VIENNA — Wes Anderson looked tired. The filmmaker was wearing a red blazer and a striped tie, standing beneath the elaborate 19th-century cupola of the Kunsthistorisches Museum. His partner, the author and designer Juman Malouf, was by his side.
Dozens of friends — the actors Tilda Swinton and Jason Schwartzman; the filmmaker Jake Paltrow; and a pair of lesser-known Coppolas among them — stood around him. Photographers jostled for angles.
It wasn’t a movie premiere, but the exhibition opening for “Spitzmaus Mummy in a Coffin and Other Treasures,” which Mr. Anderson and Ms. Malouf curated, certainly had the air of one.
Mr. Anderson and Ms. Malouf were asked to put the show together from objects in the collection of the Kunsthistorisches Museum, Austria’s largest. When Mr. Anderson stepped up to the microphone on Monday to address the guests, it was with the weariness of someone who had gone to battle and come back changed. Continue reading
Since 2011, foraging has been a favored topic here. We have occasionally featured stories with reference to natural colorants, mainly about their various possible uses, and even an exhibition where you could learn more; but not until now have we seen a book like this. It looks like it will be a perfect addition to any of our numerous coffee tables, suited to brighten up even the rainiest afternoon. Click on any image to go to the website for the book. Thanks to Jason Logan for its authorship, and to Amy Goldwasser for bringing it to our attention in the New Yorker:
The founder of the Toronto Ink Company leads a group of pigment enthusiasts on a hunt for acorns, berries, beer caps, and other ingredients.
On a recent drizzly Tuesday morning, a small group of ink enthusiasts—already rain-slicked, under umbrellas and ponchos—stood on Gapstow Bridge, in Central Park, admiring a brilliant-pink pokeweed bush. The Park was the first stop on a five-hour foraging trip that would take them up to Hudson Heights, to collect foliage and trash, which they would cook, to make ink. Their guide, Jason Logan, the founder of the Toronto Ink Company, was in town for the launch of his book, “Make Ink: A Forager’s Guide to Natural Inkmaking.” At a reading in the West Village, he had asked the audience if anyone wanted to go foraging. The city offers some attractive ingredients: acorns, wild grapevines, beer caps, feathers, subway soot.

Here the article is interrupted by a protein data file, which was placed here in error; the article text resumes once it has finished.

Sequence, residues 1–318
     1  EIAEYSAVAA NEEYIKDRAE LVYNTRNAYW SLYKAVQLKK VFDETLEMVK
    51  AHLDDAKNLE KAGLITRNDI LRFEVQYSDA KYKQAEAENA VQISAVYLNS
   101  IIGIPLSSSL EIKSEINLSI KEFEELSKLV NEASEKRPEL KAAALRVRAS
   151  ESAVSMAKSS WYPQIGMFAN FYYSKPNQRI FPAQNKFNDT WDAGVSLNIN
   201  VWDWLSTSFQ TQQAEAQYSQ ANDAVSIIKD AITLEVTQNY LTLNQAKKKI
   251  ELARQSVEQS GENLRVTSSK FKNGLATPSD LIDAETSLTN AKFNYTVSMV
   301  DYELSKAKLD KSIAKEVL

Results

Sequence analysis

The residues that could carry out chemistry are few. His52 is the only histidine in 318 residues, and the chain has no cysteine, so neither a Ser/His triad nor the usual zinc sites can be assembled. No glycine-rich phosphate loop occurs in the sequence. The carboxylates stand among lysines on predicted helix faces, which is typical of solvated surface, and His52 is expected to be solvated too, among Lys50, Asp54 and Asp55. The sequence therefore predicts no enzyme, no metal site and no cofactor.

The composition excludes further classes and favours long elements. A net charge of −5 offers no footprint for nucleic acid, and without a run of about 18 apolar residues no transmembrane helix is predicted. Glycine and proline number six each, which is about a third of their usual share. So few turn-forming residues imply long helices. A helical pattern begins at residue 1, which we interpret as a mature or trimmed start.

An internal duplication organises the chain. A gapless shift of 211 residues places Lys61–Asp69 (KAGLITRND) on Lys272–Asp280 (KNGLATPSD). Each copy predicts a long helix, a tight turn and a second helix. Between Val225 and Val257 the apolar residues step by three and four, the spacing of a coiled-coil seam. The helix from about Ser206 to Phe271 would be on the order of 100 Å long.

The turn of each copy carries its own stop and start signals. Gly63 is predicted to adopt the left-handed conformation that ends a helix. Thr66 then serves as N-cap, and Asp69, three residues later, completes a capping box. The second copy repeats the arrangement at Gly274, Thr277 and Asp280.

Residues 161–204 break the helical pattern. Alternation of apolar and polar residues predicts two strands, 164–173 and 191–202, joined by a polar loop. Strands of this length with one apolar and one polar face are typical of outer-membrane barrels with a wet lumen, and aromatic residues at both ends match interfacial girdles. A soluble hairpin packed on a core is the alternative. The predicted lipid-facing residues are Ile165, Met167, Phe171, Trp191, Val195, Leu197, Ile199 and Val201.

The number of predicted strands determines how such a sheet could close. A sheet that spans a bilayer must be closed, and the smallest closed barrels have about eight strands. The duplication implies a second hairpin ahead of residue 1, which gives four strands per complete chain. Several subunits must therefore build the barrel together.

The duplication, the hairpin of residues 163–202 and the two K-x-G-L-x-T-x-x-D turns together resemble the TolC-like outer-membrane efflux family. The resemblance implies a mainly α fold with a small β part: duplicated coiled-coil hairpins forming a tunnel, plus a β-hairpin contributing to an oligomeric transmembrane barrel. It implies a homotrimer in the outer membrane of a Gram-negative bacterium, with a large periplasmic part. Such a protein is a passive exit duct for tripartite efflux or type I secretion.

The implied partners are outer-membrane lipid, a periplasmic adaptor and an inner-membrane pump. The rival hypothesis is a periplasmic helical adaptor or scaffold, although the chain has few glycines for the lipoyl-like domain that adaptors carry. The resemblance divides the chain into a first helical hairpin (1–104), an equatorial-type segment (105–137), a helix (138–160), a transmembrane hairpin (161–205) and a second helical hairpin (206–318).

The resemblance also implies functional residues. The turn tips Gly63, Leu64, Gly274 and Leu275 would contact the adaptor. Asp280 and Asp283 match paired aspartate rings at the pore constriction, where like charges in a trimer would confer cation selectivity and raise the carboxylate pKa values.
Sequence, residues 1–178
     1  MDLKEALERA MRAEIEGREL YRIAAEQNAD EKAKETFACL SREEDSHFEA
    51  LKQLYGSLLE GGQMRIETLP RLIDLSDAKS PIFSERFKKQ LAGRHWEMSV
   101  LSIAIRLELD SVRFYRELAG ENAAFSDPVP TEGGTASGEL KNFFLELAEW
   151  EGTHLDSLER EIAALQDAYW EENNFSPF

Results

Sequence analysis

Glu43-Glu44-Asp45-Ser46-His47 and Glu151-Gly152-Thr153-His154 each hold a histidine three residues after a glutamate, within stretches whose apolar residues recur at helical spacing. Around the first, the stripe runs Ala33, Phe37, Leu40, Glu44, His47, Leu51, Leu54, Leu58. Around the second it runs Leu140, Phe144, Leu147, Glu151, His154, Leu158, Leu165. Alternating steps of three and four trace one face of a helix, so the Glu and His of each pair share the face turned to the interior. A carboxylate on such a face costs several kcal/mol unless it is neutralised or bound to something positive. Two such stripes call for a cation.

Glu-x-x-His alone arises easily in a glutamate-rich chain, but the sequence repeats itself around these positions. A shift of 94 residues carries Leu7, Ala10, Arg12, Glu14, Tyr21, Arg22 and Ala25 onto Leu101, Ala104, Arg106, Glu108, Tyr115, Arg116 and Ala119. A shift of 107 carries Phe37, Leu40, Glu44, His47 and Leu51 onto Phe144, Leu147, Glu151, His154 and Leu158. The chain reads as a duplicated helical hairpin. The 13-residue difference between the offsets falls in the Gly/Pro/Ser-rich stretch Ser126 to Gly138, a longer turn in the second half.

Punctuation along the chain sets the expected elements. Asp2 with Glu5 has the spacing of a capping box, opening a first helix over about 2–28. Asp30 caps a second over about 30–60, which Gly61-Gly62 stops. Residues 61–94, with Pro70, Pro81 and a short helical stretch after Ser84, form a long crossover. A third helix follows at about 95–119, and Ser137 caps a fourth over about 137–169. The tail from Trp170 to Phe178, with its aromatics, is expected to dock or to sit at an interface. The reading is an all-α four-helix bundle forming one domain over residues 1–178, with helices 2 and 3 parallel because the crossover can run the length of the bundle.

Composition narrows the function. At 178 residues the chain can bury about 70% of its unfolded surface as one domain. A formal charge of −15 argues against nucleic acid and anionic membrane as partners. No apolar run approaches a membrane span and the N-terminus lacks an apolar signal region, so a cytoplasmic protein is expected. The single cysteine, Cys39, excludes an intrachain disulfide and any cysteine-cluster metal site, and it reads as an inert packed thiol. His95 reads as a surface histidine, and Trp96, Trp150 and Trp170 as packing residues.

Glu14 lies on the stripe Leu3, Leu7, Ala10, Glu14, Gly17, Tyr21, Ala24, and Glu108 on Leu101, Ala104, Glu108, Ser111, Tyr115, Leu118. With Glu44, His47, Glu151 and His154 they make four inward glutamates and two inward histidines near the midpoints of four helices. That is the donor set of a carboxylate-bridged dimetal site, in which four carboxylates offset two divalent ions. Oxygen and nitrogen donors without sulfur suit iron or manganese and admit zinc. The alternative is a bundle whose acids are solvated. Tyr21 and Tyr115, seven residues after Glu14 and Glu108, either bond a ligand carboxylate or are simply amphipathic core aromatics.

Logan, who is forty-six, became interested in ink about twenty years ago, when he was living in New York, working as an illustrator for newspapers and magazines. He’d burned through a bottle of black-walnut ink, which he’d bought at Pearl Paint, on Canal Street. When he returned for more, the ink was gone. “Then I found black walnuts on my way to work one morning and realized it was easy to make my own deep, rich, delicious ink,” he said.
On the bridge, Logan addressed the foragers, four women of varying ages. He has curly gray hair and was wearing a windbreaker in almost the same hue. “I’m kind of in love with gray,” he said. “It’s interesting for me, too, in terms of ink. Gray is ashes suspended in water.” Logan speaks like a laid-back chemist, using words like “petrichor,” the earthy scent produced when rain falls on dry soil. He carried a backpack filled with ink pots and collection bags.